Thursday, 12 April 2012

The Woodman, Brighton

You cannot have a drink in this early-Victorian built pub at  49 Guildford Street –  no one has for over sixty years, since the days in 1949 of its last ever licensee Fred Sparshott. But the photographs present a perfect example of its history literally etched on the exterior.

Faded but visible high up on the near corner above the street sign is THE WOODMAN. Very distinctly on the architrave above the Doric capitals of the Guildford Street door appears C. BRIGGS. In the recess below, appended almost apologetically is T. RICHARDS. Charles Briggs was the first recorded licensee in 1854 (I like to think that his customers in their conviviality called him Charlie). An F. Richards and a Mrs. Richards appear at this address in street directories of 1868. More difficult to discern is the scanty script on the stone wall to the right. Just traceable with some patience is:


This is signage from the Victorian owners of Brighton’s defunct West Street Brewery - surely the only surviving example of its kind on a building. Those of you reading this Blog from outside of the UK will, I think, know what London Stout is. But as beer historian Ron Pattinson tells us, Fine Ales did not in those days did not mean ‘good ales’, as we would now understand the term, but ‘clear’, as in reference its clarification. Hence: finings used to clear beer. The advertising tablet below the window further along (scroll along the large photograph below) possibly once read BITTER ALE or perhaps the last word is PALE. Generically speaking, ale was lightly-hopped in comparison to the Bitter Beers and Pale Ales (which confusingly belong to the beer, not ale family) that became increasingly popular from the 1860s onwards.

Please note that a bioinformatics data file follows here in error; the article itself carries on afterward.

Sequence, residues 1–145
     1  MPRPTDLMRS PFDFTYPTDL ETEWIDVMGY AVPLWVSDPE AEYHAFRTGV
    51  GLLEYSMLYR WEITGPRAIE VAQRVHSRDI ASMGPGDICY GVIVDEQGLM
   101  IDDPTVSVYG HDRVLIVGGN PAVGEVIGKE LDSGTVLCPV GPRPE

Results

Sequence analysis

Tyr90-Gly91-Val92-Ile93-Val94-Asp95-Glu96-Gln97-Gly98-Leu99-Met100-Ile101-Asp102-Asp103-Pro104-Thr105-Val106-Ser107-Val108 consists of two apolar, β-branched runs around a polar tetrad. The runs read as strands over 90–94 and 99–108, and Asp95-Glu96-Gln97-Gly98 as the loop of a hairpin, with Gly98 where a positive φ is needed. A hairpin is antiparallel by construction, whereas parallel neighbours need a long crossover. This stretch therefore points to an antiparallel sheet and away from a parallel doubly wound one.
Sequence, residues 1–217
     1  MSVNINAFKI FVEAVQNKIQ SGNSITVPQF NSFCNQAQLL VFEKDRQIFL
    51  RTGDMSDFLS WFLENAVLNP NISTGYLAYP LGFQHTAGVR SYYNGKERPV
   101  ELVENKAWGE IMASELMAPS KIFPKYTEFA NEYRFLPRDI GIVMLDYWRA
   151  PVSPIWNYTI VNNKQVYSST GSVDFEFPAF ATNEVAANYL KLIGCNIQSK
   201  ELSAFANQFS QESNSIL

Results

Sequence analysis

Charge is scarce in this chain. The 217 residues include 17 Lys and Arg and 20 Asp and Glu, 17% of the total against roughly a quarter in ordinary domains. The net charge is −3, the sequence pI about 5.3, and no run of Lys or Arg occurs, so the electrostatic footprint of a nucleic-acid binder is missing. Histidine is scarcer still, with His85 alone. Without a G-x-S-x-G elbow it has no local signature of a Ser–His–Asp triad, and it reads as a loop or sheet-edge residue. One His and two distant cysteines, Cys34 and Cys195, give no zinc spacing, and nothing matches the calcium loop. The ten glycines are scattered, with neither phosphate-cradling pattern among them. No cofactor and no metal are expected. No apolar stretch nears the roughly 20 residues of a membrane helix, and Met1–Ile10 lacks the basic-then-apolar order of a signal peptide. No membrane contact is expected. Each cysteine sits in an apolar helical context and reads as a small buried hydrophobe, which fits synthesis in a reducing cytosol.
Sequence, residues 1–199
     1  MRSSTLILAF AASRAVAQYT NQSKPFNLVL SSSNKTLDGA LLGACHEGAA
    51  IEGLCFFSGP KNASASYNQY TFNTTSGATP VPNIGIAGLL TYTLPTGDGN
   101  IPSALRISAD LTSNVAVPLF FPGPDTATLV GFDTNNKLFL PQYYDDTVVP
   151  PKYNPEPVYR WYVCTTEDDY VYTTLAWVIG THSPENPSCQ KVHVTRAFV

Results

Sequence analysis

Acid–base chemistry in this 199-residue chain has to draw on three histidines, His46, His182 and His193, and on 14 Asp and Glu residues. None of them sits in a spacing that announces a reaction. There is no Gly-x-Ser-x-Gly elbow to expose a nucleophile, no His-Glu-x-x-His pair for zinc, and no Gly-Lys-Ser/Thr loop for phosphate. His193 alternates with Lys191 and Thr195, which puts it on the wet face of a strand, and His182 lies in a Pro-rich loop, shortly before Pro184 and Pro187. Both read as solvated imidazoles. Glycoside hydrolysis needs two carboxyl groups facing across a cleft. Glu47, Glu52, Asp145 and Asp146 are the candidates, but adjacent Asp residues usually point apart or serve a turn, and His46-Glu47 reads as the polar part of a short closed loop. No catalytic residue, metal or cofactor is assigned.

Despite the dilapidated appearance of what was once the Woodman, the plastic doorbell, clean net curtains and two modern replacement windows make it obvious that the premises are occupied.

Postscript: these passages on the pub were originally written in 2009 for the ‘Brighton Heritage Pubs’ issue (No. 24) of The Quaffer magazine. It was put to me at the time that the signage, faded as it was, had survived at all only because the local Tamplin & Sons brewery had painted over it after acquiring the pub in 1899. The exterior had gradually given up its Victorian secrets as it decayed during the last six decades. Some months ago, when walking past the Woodman, I was taken aback to find the building looking smart and spruce. The names of the landlords had been spared but the brewery signage was completely obliterated, protected once more under a new coat of paint but no longer visible again for decades to come.

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